We would recommend that you check with your Local Planning Authority for specific regulations that apply to the conservation area as this can vary from place to place.
When replacing windows in a conservation area, it is important to choose the right window style and material. To ensure your window replacement meets the regulations set by the Local Authority, you should consider opting for traditional materials such as timber which are often seen in conservation areas.
Timber sash windows are a popular choice for these areas as they often replicate the original style and design of windows found in the area.
In addition to choosing the right materials, you should also take into account what type of glazing is used. Traditional single-glazed windows offer a classic look for conservation areas but double-glazed windows provide energy efficiency and better insulation for your home.
Casement windows can also be used in conservation areas although they should be in keeping with the area and match any existing windows.
You can also opt for double glazing for the new windows, however this may require additional planning permission. It is important that the design and materials are sympathetic to the area and do not detract from its character.
Ultimately, whatever type of window you choose to replace in a conservation area it should not detract from the character or historic values of the area. It is therefore important that you seek expert advice when deciding which type of windows are best for your conservation area.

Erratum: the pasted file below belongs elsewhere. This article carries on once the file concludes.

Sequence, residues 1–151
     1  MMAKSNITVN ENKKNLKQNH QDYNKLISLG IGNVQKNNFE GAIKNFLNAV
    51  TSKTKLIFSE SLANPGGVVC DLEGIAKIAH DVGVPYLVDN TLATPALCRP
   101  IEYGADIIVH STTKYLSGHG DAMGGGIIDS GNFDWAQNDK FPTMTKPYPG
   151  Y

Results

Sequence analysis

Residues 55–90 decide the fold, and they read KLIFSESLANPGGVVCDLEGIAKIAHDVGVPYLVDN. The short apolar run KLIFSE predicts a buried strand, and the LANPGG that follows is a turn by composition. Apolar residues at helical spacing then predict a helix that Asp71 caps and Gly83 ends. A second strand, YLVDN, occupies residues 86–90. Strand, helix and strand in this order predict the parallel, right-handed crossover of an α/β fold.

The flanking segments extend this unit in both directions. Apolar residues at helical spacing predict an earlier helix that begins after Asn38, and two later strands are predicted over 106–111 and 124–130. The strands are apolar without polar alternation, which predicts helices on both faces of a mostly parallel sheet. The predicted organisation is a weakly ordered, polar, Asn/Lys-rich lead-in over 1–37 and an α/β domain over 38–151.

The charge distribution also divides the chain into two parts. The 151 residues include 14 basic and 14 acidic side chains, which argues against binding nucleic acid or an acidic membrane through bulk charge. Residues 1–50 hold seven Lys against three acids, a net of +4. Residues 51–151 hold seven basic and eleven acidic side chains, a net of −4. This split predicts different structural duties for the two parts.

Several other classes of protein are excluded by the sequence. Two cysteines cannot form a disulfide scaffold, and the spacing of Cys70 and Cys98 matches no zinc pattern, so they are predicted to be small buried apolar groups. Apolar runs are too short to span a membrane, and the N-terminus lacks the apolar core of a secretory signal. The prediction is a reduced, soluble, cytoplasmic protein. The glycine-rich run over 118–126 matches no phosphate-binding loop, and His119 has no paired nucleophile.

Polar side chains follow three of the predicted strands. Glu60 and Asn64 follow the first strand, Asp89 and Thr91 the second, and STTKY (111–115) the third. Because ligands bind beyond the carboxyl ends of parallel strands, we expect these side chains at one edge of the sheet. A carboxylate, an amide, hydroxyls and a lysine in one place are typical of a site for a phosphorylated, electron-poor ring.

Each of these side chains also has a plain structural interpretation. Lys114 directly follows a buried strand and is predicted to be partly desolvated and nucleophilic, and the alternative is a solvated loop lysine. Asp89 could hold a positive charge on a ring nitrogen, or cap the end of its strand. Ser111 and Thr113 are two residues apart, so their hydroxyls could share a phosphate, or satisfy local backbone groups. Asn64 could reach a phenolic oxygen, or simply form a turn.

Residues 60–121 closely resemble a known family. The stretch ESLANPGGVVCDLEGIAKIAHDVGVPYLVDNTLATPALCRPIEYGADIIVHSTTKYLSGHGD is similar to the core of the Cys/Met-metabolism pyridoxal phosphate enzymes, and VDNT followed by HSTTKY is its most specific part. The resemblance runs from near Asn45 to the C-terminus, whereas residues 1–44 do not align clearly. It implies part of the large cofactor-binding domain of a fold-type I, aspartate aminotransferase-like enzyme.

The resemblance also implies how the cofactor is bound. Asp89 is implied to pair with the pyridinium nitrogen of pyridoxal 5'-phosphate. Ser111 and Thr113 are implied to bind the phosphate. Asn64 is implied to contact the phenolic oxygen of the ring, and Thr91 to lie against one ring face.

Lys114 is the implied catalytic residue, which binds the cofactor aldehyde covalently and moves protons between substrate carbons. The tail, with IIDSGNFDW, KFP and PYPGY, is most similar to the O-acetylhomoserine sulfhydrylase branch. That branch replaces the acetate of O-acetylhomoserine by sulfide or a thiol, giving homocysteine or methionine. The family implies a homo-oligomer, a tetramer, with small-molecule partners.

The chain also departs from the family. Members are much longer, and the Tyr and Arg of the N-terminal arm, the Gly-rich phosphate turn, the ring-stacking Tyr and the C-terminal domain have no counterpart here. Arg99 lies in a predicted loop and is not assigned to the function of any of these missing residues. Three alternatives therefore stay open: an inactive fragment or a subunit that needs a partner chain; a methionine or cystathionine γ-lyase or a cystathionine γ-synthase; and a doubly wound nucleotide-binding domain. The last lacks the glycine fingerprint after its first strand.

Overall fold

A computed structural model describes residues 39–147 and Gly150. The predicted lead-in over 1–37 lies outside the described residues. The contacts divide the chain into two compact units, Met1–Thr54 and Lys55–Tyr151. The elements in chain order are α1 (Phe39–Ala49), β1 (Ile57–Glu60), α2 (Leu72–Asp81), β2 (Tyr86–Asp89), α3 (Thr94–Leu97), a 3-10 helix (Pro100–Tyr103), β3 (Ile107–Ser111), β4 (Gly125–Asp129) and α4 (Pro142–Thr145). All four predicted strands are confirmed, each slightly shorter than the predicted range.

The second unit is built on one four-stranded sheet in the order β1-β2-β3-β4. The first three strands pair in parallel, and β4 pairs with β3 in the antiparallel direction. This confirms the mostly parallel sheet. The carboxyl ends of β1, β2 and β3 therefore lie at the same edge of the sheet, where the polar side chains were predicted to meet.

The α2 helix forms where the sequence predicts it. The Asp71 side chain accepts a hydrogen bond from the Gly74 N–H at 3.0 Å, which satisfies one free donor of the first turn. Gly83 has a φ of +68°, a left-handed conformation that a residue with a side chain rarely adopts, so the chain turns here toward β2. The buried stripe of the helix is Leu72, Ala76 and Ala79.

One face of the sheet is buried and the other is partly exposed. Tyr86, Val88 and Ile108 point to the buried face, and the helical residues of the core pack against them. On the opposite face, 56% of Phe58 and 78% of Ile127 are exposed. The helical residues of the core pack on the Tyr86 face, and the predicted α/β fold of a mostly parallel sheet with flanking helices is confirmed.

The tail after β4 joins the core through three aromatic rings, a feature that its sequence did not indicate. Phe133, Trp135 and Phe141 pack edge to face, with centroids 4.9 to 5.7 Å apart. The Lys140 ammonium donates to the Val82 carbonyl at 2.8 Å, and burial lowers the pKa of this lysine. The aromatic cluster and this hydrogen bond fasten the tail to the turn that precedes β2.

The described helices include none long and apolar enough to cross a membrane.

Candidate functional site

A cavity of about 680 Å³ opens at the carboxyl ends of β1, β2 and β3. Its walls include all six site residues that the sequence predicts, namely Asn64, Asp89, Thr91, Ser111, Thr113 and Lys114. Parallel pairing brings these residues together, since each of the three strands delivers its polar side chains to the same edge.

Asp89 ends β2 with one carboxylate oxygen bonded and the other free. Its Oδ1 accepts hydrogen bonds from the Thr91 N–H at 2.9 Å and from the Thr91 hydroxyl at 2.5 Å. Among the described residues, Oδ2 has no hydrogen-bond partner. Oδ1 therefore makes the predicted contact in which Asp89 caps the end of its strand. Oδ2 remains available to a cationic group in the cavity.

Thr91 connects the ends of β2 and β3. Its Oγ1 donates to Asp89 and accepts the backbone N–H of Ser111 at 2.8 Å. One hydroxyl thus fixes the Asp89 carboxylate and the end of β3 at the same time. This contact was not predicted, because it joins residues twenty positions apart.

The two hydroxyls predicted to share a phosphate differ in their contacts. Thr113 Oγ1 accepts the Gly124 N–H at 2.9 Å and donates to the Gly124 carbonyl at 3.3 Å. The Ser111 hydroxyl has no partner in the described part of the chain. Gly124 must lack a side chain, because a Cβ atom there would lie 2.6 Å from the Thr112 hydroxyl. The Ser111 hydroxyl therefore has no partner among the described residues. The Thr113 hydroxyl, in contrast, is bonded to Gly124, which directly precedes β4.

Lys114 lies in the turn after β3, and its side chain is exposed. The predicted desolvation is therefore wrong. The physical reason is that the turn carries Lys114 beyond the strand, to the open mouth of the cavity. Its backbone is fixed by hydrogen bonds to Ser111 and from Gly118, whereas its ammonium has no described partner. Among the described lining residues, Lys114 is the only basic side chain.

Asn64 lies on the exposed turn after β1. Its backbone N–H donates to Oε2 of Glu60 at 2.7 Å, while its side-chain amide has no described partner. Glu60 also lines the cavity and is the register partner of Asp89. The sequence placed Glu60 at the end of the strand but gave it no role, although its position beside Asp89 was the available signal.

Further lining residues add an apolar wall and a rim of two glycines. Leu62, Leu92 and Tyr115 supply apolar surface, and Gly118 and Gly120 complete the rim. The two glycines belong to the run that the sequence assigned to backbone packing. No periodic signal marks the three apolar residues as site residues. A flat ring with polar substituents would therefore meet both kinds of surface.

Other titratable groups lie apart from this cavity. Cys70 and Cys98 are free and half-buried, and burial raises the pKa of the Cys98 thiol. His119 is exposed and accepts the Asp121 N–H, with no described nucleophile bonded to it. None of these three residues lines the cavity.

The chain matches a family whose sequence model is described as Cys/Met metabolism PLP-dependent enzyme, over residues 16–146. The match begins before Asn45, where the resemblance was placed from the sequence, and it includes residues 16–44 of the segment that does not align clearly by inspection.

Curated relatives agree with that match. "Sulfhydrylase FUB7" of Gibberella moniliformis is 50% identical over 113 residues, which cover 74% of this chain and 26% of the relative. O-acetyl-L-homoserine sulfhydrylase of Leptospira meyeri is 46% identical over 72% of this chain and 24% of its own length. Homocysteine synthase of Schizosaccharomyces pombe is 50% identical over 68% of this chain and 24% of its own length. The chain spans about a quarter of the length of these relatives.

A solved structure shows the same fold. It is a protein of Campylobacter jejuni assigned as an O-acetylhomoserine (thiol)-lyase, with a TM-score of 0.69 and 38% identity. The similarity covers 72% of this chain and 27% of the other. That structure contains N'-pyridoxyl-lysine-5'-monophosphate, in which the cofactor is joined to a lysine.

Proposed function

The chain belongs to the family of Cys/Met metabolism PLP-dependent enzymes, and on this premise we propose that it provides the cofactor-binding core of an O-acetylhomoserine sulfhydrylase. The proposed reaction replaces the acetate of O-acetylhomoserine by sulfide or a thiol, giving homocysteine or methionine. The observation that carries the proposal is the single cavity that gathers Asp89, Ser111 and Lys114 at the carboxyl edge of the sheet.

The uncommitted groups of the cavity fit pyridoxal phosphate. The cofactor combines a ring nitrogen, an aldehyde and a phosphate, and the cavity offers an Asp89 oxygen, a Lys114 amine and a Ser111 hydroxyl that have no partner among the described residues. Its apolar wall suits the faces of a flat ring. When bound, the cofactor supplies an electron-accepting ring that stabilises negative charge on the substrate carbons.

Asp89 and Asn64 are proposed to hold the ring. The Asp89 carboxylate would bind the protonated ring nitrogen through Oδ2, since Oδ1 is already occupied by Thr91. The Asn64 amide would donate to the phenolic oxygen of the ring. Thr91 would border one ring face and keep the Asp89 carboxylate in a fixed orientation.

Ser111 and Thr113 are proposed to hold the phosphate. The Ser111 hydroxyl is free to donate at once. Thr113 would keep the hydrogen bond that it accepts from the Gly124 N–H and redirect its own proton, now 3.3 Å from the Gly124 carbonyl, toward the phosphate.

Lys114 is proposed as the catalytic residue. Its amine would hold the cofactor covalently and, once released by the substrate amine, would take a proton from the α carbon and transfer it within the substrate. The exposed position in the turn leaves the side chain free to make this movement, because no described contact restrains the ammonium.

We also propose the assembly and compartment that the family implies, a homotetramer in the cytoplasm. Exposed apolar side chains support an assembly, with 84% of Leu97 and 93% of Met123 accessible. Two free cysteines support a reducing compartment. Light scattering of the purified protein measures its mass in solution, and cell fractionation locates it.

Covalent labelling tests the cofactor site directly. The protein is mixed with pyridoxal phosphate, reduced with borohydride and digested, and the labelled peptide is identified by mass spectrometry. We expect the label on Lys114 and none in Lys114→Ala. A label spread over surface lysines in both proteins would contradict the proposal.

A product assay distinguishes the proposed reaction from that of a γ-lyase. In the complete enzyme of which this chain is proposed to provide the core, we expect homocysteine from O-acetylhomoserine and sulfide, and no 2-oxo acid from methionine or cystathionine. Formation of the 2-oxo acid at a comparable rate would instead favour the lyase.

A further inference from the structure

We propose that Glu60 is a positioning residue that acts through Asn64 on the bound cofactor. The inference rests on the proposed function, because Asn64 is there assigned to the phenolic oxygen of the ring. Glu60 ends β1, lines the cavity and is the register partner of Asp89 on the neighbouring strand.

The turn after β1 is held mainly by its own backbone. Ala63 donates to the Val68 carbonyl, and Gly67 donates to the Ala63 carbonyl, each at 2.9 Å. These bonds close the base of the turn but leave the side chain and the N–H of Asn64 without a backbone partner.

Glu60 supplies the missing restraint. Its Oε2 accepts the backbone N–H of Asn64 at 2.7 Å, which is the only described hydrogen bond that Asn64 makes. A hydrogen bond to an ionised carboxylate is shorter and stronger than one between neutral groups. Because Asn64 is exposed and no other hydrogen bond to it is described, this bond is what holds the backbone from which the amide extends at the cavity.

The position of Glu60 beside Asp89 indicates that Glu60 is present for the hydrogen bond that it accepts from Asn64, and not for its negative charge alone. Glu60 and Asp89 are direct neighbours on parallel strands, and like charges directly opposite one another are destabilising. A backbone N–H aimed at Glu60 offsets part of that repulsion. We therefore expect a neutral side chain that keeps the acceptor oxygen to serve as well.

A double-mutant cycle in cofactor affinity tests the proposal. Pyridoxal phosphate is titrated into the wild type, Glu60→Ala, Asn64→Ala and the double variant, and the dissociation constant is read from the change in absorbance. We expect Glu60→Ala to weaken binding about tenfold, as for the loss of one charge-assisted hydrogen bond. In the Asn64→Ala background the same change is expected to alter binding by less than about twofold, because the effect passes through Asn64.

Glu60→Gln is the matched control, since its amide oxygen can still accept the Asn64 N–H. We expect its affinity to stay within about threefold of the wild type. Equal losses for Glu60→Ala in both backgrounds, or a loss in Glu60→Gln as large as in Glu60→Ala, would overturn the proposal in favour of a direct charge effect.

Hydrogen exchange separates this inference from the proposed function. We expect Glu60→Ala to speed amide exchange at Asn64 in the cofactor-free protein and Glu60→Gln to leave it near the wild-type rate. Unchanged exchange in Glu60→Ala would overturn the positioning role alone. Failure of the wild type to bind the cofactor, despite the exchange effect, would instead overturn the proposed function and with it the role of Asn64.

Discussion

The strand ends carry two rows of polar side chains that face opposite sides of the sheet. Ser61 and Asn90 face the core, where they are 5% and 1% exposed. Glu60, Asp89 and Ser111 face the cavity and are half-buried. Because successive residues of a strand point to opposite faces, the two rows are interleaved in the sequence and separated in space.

If you want to replace timber windows with uPVC windows in conservation areas, you will need to seek planning permission. This is because uPVC windows are seen as a modern material and often do not match the character of the area.
However, if you want to maintain the traditional appearance of your conservation area, you can opt for conservation grade uPVC windows which come in a range of timber effects and styles such as sash windows.
Although uPVC windows often require additional planning permission, installing uPVC windows in a conservation area can be a great way to enhance your home’s energy efficiency without compromising on its character.
When it comes to selecting replacement windows that meet all the regulations set out by your Local Planning Authority, here are some tips to keep in mind:
Changing windows in a conservation area can be a complex process due to stringent planning laws, however with research and understanding of the regulations you should have no problem. Remember to contact your Local Planning Authority for advice before you begin and make sure to choose the right materials and design. By doing this, you can ensure your windows will be both stylish and in keeping with the conservation area.
It is also important to employ an experienced window fitter who will be able to advise you on the best windows for your property, if you would like assistance with this, feel free to get in touch by clicking the button below. One of our experience team will pair you with a local fitter in our area that will be more than happy to help.